# Bijections result when the function is surjective and injective

• laminatedevildoll
In summary, a bijection is a function that is both surjective and injective. To find a bijection between N and the set of all odd numbers, you can use the function f(x) = 2x+1. To prove that f(x) is a bijection, you need to show that it is both one-to-one and onto. This can be done by plugging in values for n and m in N and showing that f(n) = f(m) implies n = m, and also by showing that for any odd number m, there exists an integer n in N such that 2n+1 = m. The definition of odd numbers can help with this proof. When trying to find a bijection
laminatedevildoll
Bijections result when the function is surjective and injective.

How do I find a bijection in N and the set of all odd numbers?

f(x) = 2x+1

Do I have to prove that this is one-to-one and onto? Am I on the right track?

laminatedevildoll said:
Bijections result when the function is surjective and injective.

How do I find a bijection in N and the set of all odd numbers?

f(x) = 2x+1

Do I have to prove that this is one-to-one and onto? Am I on the right track?
Yes. Can you prove that for all n and m in N, if f(n) = f(m), then n = m? (Just plug and play.)

You would also, of course, have to prove that it is a surjection: that is, that if m is an odd number then there exist an integer n such that 2n+ 1= m.

You can get the surjection from the definition of odd number.

Last edited:
Thank you for your help. I think that I need a lot of practice using the definition.

Which definition- bijection?

honestrosewater said:
Which definition- bijection?

Yeah. It's kind of frustrating to prove if a function is one-to-one or onto when one way of proving for one problem doesn't apply to the next. It's all about playing around with the definition and all.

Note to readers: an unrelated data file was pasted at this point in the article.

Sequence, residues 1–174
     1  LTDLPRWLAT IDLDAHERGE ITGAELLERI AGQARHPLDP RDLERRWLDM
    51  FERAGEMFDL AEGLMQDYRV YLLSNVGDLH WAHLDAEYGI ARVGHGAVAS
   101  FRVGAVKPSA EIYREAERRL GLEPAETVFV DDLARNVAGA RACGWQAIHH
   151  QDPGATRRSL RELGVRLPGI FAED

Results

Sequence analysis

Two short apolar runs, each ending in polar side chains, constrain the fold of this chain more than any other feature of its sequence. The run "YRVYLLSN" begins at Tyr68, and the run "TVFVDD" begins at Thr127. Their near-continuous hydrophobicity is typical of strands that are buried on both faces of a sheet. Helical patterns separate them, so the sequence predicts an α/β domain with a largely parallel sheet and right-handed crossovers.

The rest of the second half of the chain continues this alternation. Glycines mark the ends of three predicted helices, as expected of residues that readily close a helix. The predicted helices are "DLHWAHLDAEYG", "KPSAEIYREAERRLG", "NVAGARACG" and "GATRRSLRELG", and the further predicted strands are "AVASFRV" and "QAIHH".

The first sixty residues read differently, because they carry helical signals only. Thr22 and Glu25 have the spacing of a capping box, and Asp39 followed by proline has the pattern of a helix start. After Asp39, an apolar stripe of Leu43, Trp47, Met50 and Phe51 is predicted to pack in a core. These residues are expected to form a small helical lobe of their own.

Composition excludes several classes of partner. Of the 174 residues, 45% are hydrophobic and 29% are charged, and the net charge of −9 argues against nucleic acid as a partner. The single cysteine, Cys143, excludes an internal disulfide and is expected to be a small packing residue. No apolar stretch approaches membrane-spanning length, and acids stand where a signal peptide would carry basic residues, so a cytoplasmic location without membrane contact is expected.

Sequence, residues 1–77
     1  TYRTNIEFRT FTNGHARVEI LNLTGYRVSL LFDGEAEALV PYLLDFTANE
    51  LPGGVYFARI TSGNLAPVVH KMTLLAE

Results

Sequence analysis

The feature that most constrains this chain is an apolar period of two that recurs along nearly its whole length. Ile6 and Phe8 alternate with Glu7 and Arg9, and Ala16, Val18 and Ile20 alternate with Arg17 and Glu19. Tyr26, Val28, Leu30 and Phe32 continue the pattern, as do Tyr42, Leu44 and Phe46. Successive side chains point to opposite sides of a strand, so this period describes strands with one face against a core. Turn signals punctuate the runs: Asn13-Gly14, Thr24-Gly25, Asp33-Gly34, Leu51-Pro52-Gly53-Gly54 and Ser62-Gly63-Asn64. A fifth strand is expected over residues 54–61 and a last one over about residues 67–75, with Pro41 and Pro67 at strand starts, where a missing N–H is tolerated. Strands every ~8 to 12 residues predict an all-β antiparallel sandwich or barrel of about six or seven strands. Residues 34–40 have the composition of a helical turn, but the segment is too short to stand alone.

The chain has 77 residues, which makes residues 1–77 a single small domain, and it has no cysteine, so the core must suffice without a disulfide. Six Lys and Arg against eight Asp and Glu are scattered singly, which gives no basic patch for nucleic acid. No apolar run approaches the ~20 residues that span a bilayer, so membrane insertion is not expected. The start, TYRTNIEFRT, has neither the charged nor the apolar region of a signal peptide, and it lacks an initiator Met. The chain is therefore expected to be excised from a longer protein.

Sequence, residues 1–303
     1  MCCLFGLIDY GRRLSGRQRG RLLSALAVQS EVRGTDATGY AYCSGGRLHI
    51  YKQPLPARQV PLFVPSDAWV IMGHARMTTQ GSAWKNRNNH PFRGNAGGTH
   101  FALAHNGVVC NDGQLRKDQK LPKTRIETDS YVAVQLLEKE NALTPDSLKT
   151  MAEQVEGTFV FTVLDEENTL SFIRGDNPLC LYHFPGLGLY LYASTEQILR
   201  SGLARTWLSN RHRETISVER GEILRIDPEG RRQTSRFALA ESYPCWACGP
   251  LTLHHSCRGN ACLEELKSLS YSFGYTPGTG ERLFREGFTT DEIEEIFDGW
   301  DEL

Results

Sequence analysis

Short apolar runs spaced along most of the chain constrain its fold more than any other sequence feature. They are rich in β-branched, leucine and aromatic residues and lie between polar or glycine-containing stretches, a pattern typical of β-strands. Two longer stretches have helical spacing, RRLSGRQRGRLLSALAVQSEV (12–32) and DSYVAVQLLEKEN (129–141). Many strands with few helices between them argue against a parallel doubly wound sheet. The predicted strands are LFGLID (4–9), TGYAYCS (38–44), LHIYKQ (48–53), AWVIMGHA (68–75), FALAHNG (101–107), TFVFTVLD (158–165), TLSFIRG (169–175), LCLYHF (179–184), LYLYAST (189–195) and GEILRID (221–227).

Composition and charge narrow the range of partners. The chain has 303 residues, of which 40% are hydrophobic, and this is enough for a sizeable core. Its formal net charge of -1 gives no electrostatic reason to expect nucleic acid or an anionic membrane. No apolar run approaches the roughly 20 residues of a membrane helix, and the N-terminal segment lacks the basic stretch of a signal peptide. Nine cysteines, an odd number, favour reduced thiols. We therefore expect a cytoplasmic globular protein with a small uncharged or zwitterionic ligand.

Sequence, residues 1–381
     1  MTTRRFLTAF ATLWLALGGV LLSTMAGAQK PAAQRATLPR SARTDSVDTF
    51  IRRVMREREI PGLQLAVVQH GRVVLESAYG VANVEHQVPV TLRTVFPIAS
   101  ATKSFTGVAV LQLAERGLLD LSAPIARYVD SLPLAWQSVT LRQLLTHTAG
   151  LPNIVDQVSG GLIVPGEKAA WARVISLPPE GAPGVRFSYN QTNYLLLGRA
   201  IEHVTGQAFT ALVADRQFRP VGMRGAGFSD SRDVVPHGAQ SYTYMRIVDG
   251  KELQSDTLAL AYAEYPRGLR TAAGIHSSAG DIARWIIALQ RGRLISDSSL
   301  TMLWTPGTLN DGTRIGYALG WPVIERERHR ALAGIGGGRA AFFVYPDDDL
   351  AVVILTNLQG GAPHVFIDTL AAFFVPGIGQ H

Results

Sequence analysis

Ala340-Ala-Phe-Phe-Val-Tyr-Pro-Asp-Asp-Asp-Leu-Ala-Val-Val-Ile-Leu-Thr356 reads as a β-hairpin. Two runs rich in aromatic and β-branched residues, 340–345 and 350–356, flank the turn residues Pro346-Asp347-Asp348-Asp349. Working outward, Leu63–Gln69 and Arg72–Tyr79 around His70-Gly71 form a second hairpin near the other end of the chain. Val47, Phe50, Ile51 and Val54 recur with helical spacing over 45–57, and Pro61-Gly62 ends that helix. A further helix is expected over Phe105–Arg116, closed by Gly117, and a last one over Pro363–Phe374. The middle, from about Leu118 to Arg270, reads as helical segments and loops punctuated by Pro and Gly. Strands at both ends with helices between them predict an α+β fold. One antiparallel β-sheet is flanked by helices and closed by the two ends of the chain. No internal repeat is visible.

What's the difference between finding a bijection between P(N) and P(Z) AND N and Z? P stands for power set (the curly P).

You mean a bijection between P(N) and P(Z) compared to a bijection between N and Z?

I've never done that kind of thing but I think if you have a bijection between N and Z then you automatically have a bijection between P(N) and P(Z) by replacing every element x of N in a given element y of P(N) with f(x) and mapping y to the resulting element z, which will be in P(Z). If you have a bijiection between P(N) and P(Z) then I don't think you necessarily can say you have a bijection between N and Z.

## 1. What is a bijection?

A bijection is a type of function in mathematics that has two important properties: surjectivity and injectivity. This means that every element in the function's output has a unique input, and every element in the function's input has a corresponding output.

## 2. How do you know if a function is a bijection?

A function is a bijection if it is both surjective and injective. In other words, every input has a unique output and every output has a corresponding input. If these two conditions are met, then the function is a bijection.

## 3. What is the difference between a surjection and an injection?

A surjection is a function where every element in the output has a corresponding input. An injection is a function where every element in the input has a unique output. A bijection is a function that has both of these properties.

## 4. Can a function be a bijection if it is not surjective or injective?

No, a function must be both surjective and injective to be considered a bijection. If a function is not surjective, it means that there are elements in the output that do not have a corresponding input. If a function is not injective, it means that there are elements in the input that have more than one corresponding output.

## 5. What is the importance of bijections in mathematics?

Bijections are important in mathematics because they allow us to create one-to-one correspondences between two sets. This can be useful in solving problems and proving theorems. Additionally, bijections can help us understand the relationships between different mathematical objects and structures.

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